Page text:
Taking a break from preparing my Adobe MAX 2009 BYOL instructions, I was reading a few news items I had starred in Google Reader. I came across a Wired article on cellphone radiation and decided to see how much closer I've become to lab rat status from using an iPhone for over two years. The article mentions the specific watts per kilogram (W/kg) emitted from various iPhones but I wanted to see how my device stacked up against others. Fortunately there was a link to the Environmental Working Group's Web site where they have a database of devices. After pressing the link I was greeted by the following (press the thumbnail for a larger image):

Developers, please be careful when crafting your error messages and for the love of all that's good in the world, don't expose critical information about your server or Web application. It doesn't matter if you're building a simple ColdFusion application or a content management system like Drupal. You never want to expose system paths, server configuration, usernames/passwords, or application settings like datasource names. Doing so is like shouting: "Hey, come hack me! I'm right here."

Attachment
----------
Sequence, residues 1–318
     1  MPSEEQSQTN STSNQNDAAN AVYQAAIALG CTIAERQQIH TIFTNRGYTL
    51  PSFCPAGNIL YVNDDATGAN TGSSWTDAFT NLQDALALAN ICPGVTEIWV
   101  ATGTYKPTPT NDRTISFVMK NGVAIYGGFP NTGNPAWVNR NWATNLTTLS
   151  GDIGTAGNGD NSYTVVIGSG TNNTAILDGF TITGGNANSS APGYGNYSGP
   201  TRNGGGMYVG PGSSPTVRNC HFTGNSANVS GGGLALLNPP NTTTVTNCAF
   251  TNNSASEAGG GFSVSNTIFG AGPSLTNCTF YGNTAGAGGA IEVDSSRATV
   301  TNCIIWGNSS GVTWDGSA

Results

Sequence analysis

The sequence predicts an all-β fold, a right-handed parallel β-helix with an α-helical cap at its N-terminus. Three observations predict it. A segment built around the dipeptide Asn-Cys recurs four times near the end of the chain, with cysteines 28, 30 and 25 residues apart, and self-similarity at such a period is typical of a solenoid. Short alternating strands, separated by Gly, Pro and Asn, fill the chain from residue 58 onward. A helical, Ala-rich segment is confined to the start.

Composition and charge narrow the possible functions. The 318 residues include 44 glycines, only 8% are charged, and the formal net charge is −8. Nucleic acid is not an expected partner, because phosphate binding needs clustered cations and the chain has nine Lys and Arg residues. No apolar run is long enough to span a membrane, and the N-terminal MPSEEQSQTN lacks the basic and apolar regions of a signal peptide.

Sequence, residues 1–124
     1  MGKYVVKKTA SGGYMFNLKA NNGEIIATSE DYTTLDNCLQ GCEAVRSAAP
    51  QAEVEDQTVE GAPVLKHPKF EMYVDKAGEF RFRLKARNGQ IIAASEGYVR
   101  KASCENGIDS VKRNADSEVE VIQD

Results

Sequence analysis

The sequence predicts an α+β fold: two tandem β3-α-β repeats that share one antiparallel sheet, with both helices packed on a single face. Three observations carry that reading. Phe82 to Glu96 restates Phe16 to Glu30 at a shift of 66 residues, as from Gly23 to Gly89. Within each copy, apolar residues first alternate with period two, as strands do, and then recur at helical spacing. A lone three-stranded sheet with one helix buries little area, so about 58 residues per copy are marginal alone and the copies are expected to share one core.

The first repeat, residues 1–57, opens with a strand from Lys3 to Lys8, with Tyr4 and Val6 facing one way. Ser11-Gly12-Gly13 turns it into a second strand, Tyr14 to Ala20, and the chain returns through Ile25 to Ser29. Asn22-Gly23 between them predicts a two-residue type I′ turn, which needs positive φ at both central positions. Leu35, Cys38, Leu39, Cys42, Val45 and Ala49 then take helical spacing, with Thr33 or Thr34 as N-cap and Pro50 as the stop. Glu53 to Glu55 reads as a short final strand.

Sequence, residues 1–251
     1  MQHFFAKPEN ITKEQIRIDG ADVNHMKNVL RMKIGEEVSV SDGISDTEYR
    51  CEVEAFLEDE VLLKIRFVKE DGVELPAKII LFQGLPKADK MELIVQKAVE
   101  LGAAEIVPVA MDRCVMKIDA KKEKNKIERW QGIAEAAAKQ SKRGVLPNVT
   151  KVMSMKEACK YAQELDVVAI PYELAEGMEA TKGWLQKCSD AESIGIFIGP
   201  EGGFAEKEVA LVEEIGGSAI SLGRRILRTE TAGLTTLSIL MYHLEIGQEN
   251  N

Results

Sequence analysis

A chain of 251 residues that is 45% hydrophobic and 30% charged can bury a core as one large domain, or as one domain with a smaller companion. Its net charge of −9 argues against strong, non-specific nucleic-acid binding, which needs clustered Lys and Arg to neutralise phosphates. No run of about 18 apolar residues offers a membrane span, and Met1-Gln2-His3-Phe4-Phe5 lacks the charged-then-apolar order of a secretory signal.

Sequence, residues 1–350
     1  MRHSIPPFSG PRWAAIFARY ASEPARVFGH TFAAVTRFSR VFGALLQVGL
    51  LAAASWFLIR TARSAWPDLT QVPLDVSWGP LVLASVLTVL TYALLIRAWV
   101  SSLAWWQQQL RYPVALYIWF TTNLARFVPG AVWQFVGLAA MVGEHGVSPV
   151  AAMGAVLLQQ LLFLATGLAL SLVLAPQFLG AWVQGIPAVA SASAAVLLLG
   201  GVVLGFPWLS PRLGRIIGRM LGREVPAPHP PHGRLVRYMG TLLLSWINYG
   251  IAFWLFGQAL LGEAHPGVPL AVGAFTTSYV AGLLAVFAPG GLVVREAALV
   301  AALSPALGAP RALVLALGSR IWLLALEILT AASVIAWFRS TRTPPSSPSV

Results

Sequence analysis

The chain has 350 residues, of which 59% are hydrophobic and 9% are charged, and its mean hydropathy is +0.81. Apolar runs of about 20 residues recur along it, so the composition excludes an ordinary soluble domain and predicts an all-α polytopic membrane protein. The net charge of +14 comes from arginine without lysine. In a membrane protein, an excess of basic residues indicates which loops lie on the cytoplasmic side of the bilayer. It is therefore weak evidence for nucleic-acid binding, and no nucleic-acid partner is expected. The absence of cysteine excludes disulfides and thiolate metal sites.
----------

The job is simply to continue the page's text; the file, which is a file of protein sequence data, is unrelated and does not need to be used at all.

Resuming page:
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This entry was posted by Aaron West on September 20, 2009 at 9:42 AM. It was filed in the following categories: ColdFusion, iPhone. It has been viewed 5962 times and has 5 comments.

5 Responses to Be Careful with Your Error Messages

  1. Very interesting! This is exactly what Aaron Wolfe and I are covering in our "Handling Errors with Error Handling" session at BFusion/BFlex in Bloomington next month.

  2. Great Lance, a session every developer should make a point to attend if they're going to BFlex / BFusion.

  3. Thanks for pointing this out Aaron (blog piece creator Aaron) it needs to be constantly restated and I have another entreaty to all. Please keep your exception handling very, very simple so you do not run the risk of the exception handling system causing exceptions, which I have seen happen, several times.

  4. Almost had to laugh but that was overtaken by feelings of amazement and wonder. Hmmm, think i better go break a Joomla instance and see what exception information gets revealed.

  5. That'd certainly be a good idea Doug. =)